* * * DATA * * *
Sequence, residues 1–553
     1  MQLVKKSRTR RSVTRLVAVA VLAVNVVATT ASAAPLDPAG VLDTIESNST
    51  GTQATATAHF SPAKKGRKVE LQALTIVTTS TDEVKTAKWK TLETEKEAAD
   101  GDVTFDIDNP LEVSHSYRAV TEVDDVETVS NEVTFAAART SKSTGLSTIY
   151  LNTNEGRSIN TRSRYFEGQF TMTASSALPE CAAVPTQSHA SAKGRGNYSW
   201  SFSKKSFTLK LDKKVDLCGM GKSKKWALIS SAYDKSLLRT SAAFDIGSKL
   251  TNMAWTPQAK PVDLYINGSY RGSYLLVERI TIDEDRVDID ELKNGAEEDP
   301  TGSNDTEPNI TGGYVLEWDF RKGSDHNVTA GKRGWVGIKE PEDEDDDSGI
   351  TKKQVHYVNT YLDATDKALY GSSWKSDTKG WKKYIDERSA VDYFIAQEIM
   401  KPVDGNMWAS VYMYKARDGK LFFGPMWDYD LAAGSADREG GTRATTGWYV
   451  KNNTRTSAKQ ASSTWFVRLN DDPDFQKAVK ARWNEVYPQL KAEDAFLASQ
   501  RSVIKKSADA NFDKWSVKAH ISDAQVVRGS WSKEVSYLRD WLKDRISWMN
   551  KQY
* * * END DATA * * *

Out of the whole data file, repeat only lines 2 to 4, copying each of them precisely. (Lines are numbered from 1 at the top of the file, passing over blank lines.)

     1  MQLVKKSRTR RSVTRLVAVA VLAVNVVATT ASAAPLDPAG VLDTIESNST
    51  GTQATATAHF SPAKKGRKVE LQALTIVTTS TDEVKTAKWK TLETEKEAAD
   101  GDVTFDIDNP LEVSHSYRAV TEVDDVETVS NEVTFAAART SKSTGLSTIY